Magda Abu-Fadil: Activists, Bloggers Stop Lebanese Internet Regulation Act, for Now
Lebanon’s Information Minister Walid El Daouk didn’t know what he was in for when he tried to ram through a draft law regulating online media, thereby opening all cyber hell’s doors and a backlash that will recur if he tries to pull the same stunt again.
The anti-Lebanese Internet Regulation Act (LIRA) movement, dubbed #stopLIRA on Twitter and elsewhere snowballed online in record time to halt the retrograde legislation that would have required journalists and bloggers to register their sites with the Ministry of Information.
Screen shot of video calling for halt to proposed restrictive Internet law
It didn’t take award winning Lebanese blogger, cyber activist and human rights defender Imad Bazzi, a/k/a @TrellaLB on Twitter, long before he designed an attention-grabbing poster with a red palm crying out: “Hands Off My Freedom: STOP LIRA, Lebanese Internet Regulation Act.”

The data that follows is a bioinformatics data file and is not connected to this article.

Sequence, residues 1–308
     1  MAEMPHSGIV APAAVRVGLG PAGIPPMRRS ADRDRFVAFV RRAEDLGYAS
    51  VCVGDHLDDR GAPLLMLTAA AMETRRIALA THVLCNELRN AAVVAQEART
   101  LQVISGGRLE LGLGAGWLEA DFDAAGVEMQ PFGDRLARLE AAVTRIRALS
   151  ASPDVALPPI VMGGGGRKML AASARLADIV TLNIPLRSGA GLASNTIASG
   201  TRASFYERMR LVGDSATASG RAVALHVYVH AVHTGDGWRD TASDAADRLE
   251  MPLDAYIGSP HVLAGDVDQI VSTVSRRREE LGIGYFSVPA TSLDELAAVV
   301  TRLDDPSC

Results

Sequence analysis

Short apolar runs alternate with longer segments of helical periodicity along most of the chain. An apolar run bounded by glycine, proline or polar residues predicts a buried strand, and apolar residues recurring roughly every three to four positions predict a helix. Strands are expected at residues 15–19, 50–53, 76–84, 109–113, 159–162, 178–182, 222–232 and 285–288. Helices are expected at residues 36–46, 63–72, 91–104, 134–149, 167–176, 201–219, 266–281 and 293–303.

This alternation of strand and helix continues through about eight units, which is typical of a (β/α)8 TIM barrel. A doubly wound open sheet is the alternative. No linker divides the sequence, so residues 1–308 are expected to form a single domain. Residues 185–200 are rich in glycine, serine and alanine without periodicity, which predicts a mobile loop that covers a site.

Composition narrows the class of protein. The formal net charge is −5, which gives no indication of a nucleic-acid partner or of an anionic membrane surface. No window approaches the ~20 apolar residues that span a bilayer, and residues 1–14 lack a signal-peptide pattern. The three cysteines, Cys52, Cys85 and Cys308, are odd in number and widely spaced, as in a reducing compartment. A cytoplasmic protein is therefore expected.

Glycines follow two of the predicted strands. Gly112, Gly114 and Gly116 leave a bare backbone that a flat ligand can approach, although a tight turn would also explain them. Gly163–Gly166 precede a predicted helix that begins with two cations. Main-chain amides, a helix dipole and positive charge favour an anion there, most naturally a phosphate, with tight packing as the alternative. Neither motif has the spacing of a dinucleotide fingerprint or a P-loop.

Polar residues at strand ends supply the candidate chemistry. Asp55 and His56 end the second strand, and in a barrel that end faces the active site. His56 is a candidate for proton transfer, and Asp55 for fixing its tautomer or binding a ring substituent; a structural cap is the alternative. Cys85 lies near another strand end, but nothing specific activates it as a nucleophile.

Imad Bazzi poster to STOP LIRA (courtesy of Bazzi)
The Maharat Foundation, a press freedom and civil society NGO was quick to condemn the draft as it has been working closely with member of parliament Ghassan Moukheiber to update what already exists on the books.
The draft’s wording is vague at best and one article bars the publication of “anything that offends public morals and ethics,” which leaves the issue wide open for interpretation.
“If it is a way to say we have the power to shut you down, I guess it is our right to raise our voice,” said Daoud Ibrahim, social media instructor at Beirut Arab University who also teaches journalism at Lebanese International University and opposes the draft law, adding that it was an attempt to manipulate, control and gain power ahead of upcoming parliamentary elections.
Other outraged users rushed to the rescue with catchy phrases and designs warning Lebanese Internet users of being monitored by authorities.
Blogger FunkyOzzi posted a picture of El Daouk with the caption “Big Browser is Watching You,” on a take from George Orwell’s famous book 1984 and the scary clichÃ© “Big Brother is Watching You.”